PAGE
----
Shamima Begum: UK may be powerless to stop runaway Isis bride returning, admits justice secretary

'Obviously we have to act within the powers that we have. We can't make people stateless,' says David Gauke, in comments which appear to contradict those of home secretary Sajid Javid

Chris Baynes
Saturday 16 February 2019 15:31 GMT
UK can't make runaway Isis bride Shamima Begum 'stateless' says justice secretary David Gauke

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Louise Thomas

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The UK’s justice secretary has conceded the government may not be able to block the return of a schoolgirl who fled to Syria to join Isis in 2015.

David Gauke said Britain “can’t make people stateless”, comments which appear to contradict those of home secretary Sajid Javid, who on Friday vowed he “will not hesitate to prevent” 19-year-old Shamima Begum from making her way home.

The London teenager, who is heavily pregnant, is currently living in a Syrian refugee camp after fleeing the Isis caliphate. She told The Times this week that she did not regret running away when she was 15 but wanted to return home to raise her child.

Mr Javid said: “My message is clear – if you have supported terrorist organisations abroad, I will not hesitate to prevent your return.”

But his cabinet colleague, Mr Gauke, told Sky News: “Obviously we have to act within the powers that we have.

“It is the case we can’t make people stateless, but without getting too drawn into the specifics, the approach that we take as a government, which is the responsible one, is to ensure that we protect the British public. That is the key thing.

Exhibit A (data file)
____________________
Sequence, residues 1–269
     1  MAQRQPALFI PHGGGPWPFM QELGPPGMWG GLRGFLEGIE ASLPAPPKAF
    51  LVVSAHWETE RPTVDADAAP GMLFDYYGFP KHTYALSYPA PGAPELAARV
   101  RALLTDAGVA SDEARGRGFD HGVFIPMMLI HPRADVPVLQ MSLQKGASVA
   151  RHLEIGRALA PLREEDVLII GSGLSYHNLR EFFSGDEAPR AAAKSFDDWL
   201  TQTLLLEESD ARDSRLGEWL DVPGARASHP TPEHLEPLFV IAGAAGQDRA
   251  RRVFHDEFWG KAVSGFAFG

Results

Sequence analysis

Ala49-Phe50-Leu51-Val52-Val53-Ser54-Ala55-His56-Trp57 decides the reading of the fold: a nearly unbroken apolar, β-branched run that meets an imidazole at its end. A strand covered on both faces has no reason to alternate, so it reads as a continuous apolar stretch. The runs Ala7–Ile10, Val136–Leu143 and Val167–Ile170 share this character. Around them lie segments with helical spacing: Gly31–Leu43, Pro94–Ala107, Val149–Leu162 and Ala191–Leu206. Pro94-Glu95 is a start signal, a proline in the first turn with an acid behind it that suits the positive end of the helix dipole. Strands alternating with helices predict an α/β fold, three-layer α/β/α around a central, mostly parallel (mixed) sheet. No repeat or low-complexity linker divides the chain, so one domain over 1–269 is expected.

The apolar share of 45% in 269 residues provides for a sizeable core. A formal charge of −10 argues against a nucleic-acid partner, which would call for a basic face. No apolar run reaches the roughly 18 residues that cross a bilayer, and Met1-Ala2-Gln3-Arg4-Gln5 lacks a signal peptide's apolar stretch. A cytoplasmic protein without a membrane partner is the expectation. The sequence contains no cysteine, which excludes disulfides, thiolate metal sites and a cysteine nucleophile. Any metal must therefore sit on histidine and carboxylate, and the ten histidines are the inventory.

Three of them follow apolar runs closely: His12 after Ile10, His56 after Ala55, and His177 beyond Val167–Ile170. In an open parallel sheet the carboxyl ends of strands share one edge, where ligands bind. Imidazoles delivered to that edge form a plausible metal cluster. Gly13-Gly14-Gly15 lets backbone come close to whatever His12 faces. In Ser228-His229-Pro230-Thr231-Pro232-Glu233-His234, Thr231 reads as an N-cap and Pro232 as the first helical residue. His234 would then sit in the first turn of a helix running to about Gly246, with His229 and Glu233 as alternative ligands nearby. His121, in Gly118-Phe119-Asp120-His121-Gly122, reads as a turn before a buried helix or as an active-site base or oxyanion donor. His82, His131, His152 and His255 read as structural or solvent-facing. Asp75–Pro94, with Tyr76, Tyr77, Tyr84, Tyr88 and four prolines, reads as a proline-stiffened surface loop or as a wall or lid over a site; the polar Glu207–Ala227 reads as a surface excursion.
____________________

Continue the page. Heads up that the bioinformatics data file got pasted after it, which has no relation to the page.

“There are clearly dangers involved when we have people returning from dangerous parts of the world where they have voluntarily gone to and we need to make sure the British public are protected.”

Doubts about the home secretary’s vow have also been raised by Lord Carlile, the former independent reviewer of terrorism legislation, who said the UK would be legally obliged to allow Ms Begum to return unless she had a second nationality.

The UN Convention on Human Rights safeguards the right to a nationality.

Kurdish officials have also demanded the UK fulfils its “moral and legal duty” to repatriate Ms Begum and other British Isis members detained in Syria.

Abdel Karim Omar, a Kurdish foreign affairs official, told The Independent that thousands of detained Isis fighters, women and children were a “big burden”.

“We cannot bear this responsiblity alone,” he added.

Richard Barrett, a former director of global counter-terrorism at MI6, suggested it would be “unreasonable” to expect the Kurdish-led Syrian Democratic Forces to take responsibility for the teenager indefinitely.

He also warned that summary execution was the “most likely outcome” for captured foreign nationals who are handed over to Syrian or Iraqi authorities.

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The UK government has dismissed suggestions it could launch a rescue mission to bring Ms Begum home. Security minister Ben Wallace told the BBC: “I’m not putting at risk British people’s lives to go and look for terrorists or former terrorists in a failed state.”

Ms Begum was one of three schoolgirls from Bethnal Green Academy who left the UK to join Isis in February 2015.

One of them, Kadiza Sultana, was reportedly killed in an air strike in 2016.

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